Cyclist-Chef's Popsicle Named After Police Who Arrested Him for Peddling Ice Cream
If revenge is a dish best served cold, Aleric "AJ" Constantin has just the recipe for Miami cops.
The 26-year-old chef, who made headlines at last month's Critical Mass when police arrested him for selling ice cream without a license, plans to debut a new flavor around town next month: "Po Po Pops," a nod to the officers who threw him in jail June 28.
"I'm making a funny matter out of a bad situation," Constantin says.
As Miami's Critical Mass ride, held the last Friday of each month, has grown from a few hundred riders to thousands, Constantin has become a fixture at the event. The chef at Michael's Genuine Food & Drink custom-built a bicycle with a refrigerator to sell his gourmet ice creams.
But tensions between bikers and cops have grown recently with the size of the group, which generally starts downtown and then cycles as a giant peloton through the city.
During June's ride, a Mount Sinai doctor was accused of hitting two cyclists as he drove his car through the crowd. Then, Constantin had his run-in with police. As he was standing across the street from the downtown bar the Filling Station, the ride's usual ending point, he says he saw cops harassing cyclists about blocking traffic. Then they turned to him — the guy with the basil ice cream, infused with balsamic marshmallow fluff and crushed waffle cone — and began demanding to see his permits.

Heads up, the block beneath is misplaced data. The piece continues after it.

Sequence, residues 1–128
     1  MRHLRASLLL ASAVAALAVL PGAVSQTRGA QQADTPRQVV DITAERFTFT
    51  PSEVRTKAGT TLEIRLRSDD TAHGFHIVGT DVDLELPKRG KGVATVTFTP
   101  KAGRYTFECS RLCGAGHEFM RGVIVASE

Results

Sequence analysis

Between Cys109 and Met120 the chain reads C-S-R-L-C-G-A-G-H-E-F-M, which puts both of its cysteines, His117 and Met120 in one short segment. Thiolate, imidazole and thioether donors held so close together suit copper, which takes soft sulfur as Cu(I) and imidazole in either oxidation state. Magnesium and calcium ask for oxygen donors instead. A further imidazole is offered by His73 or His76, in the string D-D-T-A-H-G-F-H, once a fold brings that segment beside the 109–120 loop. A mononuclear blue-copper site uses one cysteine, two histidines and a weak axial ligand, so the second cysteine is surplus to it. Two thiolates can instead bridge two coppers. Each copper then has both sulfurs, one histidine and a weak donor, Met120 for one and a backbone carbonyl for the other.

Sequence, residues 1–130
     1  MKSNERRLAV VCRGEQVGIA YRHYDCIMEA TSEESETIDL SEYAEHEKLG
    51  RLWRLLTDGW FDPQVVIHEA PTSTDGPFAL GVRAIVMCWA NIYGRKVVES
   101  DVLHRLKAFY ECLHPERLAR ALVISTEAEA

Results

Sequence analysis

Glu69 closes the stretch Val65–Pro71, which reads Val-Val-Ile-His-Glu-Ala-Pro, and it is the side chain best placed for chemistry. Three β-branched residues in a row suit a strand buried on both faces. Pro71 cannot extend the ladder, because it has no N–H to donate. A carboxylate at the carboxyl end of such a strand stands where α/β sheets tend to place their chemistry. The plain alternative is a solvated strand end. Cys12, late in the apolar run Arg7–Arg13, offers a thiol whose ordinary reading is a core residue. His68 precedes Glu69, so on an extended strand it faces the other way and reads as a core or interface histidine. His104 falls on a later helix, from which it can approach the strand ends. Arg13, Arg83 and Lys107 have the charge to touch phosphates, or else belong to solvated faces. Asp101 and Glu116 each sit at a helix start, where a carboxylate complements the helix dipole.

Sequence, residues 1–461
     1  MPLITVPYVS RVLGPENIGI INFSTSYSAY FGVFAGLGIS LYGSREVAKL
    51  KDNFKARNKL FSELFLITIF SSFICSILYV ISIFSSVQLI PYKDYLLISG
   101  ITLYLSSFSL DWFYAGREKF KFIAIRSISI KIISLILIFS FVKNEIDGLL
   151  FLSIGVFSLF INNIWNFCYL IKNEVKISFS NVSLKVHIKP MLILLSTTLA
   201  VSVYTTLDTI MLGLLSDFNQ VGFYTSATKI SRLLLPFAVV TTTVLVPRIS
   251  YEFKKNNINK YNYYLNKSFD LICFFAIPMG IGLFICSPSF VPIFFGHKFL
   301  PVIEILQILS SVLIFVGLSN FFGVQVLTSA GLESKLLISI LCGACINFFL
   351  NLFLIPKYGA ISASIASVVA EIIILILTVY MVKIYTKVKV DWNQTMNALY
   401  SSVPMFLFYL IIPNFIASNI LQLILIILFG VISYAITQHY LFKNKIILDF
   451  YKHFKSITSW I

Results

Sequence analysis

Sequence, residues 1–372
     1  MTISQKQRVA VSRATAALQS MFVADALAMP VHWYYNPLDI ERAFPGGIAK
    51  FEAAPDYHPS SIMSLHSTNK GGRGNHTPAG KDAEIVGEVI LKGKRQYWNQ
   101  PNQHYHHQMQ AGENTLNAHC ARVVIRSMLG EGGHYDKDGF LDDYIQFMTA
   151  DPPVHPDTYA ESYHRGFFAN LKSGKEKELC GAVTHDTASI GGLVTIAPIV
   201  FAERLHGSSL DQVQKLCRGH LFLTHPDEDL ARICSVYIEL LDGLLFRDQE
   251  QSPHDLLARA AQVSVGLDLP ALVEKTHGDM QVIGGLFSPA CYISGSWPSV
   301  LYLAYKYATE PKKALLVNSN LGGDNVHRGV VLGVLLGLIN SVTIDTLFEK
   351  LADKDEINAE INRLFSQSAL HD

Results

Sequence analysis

Constantin maintains that his paperwork was in order and that the Filling Station had given him permission to sell there. But police say he'd been warned not to sell ice cream and resisted arrest. As the cyclist was booked, onlookers threw bottles and cans in outrage.
Constantin ended up spending more than a day in jail. But he's spent the time since turning the sour experience into a sweet new flavor.
"When I come up with my flavors, I like to base them around a scene event," he says. "It's not making fun of cops, but I just thought of the typical clichés — pigs, so bacon, Chief Wiggum from The Simpsons sitting around eating doughnuts and coffee and not doing much else."
The result: protest popsicles made of Krispy Kreme-flavored ice cream, candied bacon, and fudge. Constantin won't sell them at this Friday's Critical Mass — he says he wants to take a month just to enjoy the ride — but he will offer them for $4 each beginning in August at various events around town.
As he awaits his August 19 court appearance, Constantin says he's not overly worried about the police-tweaking treats causing more trouble. "They need to reprioritize their efforts if they're freaking out over ice cream," he says.
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